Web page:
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Stroke and Rehabilitation

A stroke is caused by either a blockage or a break in the blood supply of the brain. This could be caused by a clot, fatty build up (plaques), or calcified tissue, which breaks off from another part of your blood supply and gets stuck in one of the brain’s tiny arteries. The blockage stops blood flow to an area of the brain, eventually causing the cells in that area to die. A ruptured blood vessel can lead to similar symptoms, which are exacerbated by the pooling of blood in the brain.

A stroke can happen anywhere in the brain, so the impact of a stroke can be very different for each person. The most evident impacts of stroke are partial-paralysis, vision impairment, and memory problems.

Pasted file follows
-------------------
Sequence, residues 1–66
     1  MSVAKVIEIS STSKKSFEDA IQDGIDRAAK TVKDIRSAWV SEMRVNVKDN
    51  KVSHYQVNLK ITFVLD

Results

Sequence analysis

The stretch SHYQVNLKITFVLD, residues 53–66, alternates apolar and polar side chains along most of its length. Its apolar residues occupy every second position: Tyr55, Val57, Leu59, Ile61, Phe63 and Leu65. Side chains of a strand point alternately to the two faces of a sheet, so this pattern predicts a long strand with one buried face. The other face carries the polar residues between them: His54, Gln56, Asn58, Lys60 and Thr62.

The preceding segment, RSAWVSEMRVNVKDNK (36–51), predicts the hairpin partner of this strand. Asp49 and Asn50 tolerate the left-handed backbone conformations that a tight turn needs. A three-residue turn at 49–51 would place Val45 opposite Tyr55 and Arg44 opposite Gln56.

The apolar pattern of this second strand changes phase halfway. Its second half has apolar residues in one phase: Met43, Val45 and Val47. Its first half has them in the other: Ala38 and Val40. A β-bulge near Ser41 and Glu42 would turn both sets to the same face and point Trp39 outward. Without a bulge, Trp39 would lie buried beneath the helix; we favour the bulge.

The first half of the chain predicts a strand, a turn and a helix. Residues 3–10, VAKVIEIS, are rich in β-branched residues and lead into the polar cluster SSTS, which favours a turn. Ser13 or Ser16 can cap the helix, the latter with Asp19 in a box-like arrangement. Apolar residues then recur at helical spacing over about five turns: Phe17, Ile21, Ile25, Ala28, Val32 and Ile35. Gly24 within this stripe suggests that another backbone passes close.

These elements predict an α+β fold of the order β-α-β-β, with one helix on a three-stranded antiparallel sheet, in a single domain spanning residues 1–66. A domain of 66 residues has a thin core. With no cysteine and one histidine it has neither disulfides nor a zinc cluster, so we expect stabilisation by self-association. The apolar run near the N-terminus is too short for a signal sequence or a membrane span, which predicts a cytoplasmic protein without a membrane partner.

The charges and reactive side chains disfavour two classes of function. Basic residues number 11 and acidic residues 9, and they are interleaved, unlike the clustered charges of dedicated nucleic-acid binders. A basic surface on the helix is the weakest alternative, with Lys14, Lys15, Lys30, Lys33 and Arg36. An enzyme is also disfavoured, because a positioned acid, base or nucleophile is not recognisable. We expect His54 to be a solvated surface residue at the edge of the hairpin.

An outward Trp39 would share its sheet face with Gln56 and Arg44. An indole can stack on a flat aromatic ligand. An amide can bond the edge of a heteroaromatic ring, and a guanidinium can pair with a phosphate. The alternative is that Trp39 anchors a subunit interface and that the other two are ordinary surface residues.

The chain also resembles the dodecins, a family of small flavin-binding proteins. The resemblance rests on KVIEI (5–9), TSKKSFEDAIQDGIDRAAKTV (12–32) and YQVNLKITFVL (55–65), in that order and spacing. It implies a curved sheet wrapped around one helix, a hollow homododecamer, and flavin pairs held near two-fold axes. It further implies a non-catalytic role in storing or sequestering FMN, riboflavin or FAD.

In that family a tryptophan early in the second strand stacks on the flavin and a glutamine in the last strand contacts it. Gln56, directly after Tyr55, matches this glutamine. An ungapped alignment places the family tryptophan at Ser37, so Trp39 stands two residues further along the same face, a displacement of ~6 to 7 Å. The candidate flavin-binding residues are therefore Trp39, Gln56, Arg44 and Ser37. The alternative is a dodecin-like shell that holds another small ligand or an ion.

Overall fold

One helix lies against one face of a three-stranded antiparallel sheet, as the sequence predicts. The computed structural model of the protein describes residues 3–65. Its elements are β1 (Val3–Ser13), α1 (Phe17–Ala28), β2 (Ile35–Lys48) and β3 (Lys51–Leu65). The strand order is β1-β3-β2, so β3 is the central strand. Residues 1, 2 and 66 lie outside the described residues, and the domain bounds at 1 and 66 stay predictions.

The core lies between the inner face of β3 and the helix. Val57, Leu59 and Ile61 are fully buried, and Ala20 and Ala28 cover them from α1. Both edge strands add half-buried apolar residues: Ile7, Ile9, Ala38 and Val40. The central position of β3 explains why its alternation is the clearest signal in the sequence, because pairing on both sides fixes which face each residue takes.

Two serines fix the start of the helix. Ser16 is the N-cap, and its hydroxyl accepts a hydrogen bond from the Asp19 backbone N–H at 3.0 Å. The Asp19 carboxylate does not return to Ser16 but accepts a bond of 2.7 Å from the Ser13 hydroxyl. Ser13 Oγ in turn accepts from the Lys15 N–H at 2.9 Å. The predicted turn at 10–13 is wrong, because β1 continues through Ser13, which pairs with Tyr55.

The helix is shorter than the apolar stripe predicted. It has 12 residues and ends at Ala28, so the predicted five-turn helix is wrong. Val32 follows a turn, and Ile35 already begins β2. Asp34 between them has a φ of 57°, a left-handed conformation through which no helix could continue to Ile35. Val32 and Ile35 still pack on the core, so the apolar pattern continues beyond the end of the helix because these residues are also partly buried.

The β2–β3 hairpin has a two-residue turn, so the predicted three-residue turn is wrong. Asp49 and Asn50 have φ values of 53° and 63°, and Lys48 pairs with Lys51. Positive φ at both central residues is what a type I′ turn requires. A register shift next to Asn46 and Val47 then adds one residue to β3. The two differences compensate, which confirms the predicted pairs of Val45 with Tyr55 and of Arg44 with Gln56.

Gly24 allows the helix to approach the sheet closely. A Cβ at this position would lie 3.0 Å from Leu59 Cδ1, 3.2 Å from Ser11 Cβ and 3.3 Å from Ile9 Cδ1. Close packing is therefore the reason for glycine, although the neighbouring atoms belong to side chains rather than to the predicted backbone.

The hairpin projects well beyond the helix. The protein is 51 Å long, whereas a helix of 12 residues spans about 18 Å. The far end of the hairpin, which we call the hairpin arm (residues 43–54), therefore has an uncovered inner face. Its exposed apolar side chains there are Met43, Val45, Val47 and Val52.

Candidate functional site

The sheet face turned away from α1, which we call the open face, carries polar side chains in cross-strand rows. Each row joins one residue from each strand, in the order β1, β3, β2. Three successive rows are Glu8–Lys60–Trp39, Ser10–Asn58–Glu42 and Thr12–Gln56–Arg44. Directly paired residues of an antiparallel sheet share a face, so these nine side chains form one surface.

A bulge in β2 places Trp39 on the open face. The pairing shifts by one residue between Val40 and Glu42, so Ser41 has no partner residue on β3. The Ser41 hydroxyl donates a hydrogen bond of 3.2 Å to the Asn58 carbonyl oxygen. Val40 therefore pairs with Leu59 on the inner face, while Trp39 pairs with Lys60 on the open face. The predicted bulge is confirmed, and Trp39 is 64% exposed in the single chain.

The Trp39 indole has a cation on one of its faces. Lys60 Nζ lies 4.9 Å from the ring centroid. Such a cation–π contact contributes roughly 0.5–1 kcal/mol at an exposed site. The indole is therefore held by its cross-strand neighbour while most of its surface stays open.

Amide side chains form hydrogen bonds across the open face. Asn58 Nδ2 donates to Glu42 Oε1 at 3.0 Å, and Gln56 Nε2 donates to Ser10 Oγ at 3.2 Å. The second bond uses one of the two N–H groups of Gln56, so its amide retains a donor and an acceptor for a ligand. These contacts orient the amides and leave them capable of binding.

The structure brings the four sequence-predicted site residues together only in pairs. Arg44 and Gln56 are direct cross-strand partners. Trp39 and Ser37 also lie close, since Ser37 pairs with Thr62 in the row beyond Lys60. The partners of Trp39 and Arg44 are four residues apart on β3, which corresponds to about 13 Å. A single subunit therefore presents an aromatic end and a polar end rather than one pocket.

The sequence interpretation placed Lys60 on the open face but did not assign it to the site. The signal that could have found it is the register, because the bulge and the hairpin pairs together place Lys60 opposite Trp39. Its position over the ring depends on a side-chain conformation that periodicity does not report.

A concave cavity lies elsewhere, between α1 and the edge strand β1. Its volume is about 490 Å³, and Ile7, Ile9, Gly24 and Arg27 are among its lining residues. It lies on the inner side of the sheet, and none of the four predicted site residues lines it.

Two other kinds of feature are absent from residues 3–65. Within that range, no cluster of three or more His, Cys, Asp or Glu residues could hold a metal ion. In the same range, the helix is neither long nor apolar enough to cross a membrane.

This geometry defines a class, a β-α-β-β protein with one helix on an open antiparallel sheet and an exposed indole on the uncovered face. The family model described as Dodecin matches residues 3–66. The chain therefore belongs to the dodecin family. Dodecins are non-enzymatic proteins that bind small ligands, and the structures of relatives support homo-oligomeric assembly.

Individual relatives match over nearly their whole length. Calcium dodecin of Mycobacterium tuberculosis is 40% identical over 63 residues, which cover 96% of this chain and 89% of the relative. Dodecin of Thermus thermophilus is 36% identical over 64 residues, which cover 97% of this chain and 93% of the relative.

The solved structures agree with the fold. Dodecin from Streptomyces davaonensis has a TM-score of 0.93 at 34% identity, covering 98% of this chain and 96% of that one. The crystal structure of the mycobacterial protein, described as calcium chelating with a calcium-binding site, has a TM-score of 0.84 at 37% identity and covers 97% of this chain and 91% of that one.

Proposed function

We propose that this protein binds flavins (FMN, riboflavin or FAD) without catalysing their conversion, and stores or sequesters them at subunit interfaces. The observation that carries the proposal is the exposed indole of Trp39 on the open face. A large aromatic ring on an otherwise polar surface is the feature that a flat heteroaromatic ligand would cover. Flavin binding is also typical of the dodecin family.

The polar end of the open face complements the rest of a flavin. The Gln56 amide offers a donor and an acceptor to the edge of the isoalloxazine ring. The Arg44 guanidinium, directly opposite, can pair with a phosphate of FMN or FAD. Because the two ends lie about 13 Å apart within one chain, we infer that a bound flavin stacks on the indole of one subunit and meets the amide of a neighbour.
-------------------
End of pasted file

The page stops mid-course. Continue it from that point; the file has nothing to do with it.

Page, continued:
In New Zealand stroke is the second leading cause of death and a leading cause of adult disability. Over 9,000 New Zealanders suffer a stroke every year, and 70% of those who survive will be left with some level of disability. As there is currently no cure– we have no ability to repair the brain after stroke – physiotherapy and rehabilitation are the only options available to help people regain movement and function of stroke-affected limbs.

Fortunately, there is increasing evidence that stroke is preventable. The most important modifiable risk factors for stroke include, high blood pressure, smoking, obesity, physical inactivity, fat intake and heavy alcohol consumption. High blood pressure is generally considered the most important modifiable risk factor for stroke. Age is also a risk factor; however, about one quarter of stroke patients are under age 65.